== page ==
AFRO: As you take the helm of the APA, what do you hope to accomplish?
Dr. Thema: My theme is Psychology for the People, and that is about getting our various communities the information we need so that we can cope and heal and thrive. While it’s important to have knowledge in the “academy,” in our journals, and going to graduate school, it should not be exclusive or just for the elite. It’s not just about my healing, but it’s about the collective. I’m going to be addressing that theme in a number of ways, one of which to include, next year, hosting a conference in D.C. that is really centered on the community. This conference will focus on the tangible things, practical tips to help people, especially during these times that people are dealing with the trauma of pandemic, the trauma of ongoing racism and other forms of oppression, because there is a great need to make this kind of information accessible.
Along with the conference, I’m going to be working on guidelines for what we call decolonizing psychology, and what that means is, paying attention to the context in which people live. It’s not just a matter of telling people to take a deep breath, if they’re dealing with systemic oppression. We have to look at how we help make systems and institutions, along with individuals, be better. Decolonizing psychology pays attention to our history, our political landscape, our economic circumstance, and it also celebrates other indigenous forms of healing.
While I’m a big advocate of therapy, I also know from our own culture, that we have our ways of healing—storytelling, spoken word, poetry, rap, our music, spirituality, dance, and our cultural wisdom around healing.
AFRO: More African American men and women psychologists and licensed mental health therapists are needed, especially in adolescent mental health. Why?
Dr. Thema: One, it is a matter of having our community be aware of and open to mental health. We typically only select fields or occupations that we have heard of and are respected in our community. There has been a stigma that relates to mental health. I’m glad that there has been a recent shift, where people are talking more publicly or posting on social media about going to therapy. I think that helps young people to then consider pursuing in college. Often, we encourage our children to do the careers we are most familiar with. Perhaps, you’ve heard that speech about ‘going into a respectable profession or getting you a ‘good gov’ment job.’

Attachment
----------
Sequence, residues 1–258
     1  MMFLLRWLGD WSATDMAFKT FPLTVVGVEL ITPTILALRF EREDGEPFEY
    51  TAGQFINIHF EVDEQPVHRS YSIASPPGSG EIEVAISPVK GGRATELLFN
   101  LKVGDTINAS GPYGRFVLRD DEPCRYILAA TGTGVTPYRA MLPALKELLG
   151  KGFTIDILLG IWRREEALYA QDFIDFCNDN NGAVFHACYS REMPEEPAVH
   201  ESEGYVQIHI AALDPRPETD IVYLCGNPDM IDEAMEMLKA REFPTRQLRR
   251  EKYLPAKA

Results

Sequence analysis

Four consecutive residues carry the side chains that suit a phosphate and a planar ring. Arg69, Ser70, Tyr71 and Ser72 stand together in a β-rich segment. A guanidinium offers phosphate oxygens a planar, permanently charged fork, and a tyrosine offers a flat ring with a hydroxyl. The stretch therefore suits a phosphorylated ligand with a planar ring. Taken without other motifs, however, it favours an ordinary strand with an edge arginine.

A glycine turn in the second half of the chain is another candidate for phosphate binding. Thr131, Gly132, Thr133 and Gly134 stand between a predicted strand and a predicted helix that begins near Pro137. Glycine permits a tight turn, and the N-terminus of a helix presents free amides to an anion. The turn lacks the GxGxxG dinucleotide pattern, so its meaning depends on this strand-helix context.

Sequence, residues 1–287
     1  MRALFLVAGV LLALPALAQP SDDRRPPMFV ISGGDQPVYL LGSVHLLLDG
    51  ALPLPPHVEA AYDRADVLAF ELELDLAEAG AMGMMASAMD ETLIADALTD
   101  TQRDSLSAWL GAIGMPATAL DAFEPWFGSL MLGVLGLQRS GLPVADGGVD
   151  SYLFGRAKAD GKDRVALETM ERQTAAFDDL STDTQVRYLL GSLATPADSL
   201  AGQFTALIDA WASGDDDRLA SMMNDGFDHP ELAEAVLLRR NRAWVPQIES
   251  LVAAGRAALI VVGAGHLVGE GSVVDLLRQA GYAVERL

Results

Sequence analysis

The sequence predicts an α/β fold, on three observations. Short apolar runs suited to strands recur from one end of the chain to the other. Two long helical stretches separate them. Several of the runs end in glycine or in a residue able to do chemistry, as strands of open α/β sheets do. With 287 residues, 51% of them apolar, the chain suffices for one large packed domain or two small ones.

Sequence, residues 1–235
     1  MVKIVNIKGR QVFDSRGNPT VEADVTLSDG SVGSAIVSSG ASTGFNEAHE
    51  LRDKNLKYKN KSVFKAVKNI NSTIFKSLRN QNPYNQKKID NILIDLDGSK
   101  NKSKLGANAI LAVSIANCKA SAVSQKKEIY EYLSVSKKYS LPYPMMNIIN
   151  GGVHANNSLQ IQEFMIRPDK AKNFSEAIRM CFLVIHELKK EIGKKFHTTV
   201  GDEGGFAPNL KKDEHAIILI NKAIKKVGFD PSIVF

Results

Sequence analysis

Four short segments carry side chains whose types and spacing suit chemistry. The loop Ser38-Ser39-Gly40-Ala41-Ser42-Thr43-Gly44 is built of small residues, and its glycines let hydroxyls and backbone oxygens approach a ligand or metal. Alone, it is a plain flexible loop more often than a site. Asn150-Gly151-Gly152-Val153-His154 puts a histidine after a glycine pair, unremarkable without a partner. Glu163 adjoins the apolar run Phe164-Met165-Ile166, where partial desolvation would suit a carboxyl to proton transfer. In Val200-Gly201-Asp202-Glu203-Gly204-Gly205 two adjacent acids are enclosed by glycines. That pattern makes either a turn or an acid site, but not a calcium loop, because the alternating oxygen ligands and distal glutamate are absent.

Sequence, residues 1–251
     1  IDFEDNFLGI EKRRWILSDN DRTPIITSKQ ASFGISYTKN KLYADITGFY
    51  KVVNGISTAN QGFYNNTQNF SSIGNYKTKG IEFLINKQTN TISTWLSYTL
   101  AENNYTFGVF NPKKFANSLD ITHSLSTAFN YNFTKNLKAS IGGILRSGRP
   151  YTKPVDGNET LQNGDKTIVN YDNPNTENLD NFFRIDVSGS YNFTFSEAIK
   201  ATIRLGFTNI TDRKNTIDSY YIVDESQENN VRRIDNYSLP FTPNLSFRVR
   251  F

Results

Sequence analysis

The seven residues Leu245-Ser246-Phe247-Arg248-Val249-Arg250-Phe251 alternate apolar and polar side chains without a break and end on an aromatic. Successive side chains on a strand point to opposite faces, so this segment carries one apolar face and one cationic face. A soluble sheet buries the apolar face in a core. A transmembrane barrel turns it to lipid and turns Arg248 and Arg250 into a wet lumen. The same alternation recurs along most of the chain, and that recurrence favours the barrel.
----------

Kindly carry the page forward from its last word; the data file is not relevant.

My pathway into psychology was by way of my father
[Bishop John R. Bryant
], who did pastoral counseling. People were always calling the house or making appointments, because largely in our community then, people would go talk to their pastor or minister. That’s what got me tuned into this idea of counseling, and when I discovered it’s a field all by itself, then I said, ‘Oh, this is something that I would like to do—to bear witness and be present with people, as they’re working through their life’s challenges.’
However, a barrier for some of us who choose to go into psychology can be economic. It is one of those professions that you do have to go to graduate school and financial strains can be a barrier to pursuing this field. The scholarships for the doctorate program can be competitive, so it’s important to have mentorship to help you navigate through that process and increase your possibility of accessibility to funds.
AFRO: Entering into the field of Psychology, what were some of the major challenges you faced?